The county might lose some productivity, but not have out-of-pocket expenses, he said.
County Commissioner Cal Johannsen reported that Sanford Health in Bemidji has stated that 10 percent of the babies born at the hospital are addicted to opioid.
"That's pretty huge and Social Services are paying the bills because those babies are taken away from mom when they're born," Johannsen said. "You take Hennepin and Ramsey, I can't imagine how many babies they've having born addicted."
Since 1999, opioid prescriptions have increased four times and the cost eight times, Frieden said.
"I can tell you from a criminal prosecution standpoint we can be as tough as we want to be on street dealers and the people who are using, but if nothing is done about manufacturing and distribution, it's just not making an impact," Frieden.
County Commissioner Char Christianson inquired if Hubbard County would band forces with neighboring counties, like Beltrami County.
Yes, Frieden said, adding he has already spoken with Cass and Clearwater counties.
The lawyers "must have a pretty good feeling they're going to win," Johannsen observed.
"It's litigation, so you never know, but there's obviously a lot of firms jumping into this and there's a reason why," Frieden said.
County Commissioner Ed Smith asked if money won in the lawsuit would be given directly to the county departments
"If there were dollars realized and they came back to the county, would they come back to the various departments affected?" asked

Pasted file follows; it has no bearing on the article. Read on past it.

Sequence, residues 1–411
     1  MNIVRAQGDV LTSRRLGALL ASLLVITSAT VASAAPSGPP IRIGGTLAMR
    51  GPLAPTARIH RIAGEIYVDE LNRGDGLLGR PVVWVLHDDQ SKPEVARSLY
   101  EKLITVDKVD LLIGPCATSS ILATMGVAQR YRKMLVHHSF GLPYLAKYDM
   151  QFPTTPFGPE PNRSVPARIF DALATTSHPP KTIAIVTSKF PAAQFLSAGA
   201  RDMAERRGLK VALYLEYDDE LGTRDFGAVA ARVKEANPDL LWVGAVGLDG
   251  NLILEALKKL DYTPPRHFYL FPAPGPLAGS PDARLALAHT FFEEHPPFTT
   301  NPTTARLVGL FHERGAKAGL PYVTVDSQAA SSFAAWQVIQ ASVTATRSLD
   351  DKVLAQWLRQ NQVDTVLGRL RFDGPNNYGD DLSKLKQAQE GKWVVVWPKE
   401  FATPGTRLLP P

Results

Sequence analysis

"That's a great question," Frieden replied, adding it has been suggested to use the funds to set up statewide treatment facilities. All counties would have to agree.
The other option is that the funds return directly to each county.
The county board took no action taken at this time.
In other business, the county board did the following:
• Tabled discussion on a recycling center contract with the Hubbard County Developmental Achievement Center.
• Agreed to be a sponsoring agency for Hendrickson Township's application to the Minnesota Department of Transportation's Local Road Improvement Program. The township seeks state funding assistance for an improvement project on Old Cemetery Road.
• Approved a final payment of $87,244 to Tri-City Paving for overlay, reclamation and paving projects on CSAH 14 and 48.
• Granted to permission to sell a .68-acre strip of county-owned land through direct sale to people who purchased neighboring tax-forfeited land (TFL). A shed on the TFL encroached both parcels, explained County Land Commissioner Chip Lohmeier. The party purchased the TFL at the Oct. 13 county auction.
• Approved the low quote of $2,458 from ByteSpeed for the purchase of two switches and authorized Alpha Video to troubleshoot the board room's audio system as recommended by the Technology Committee.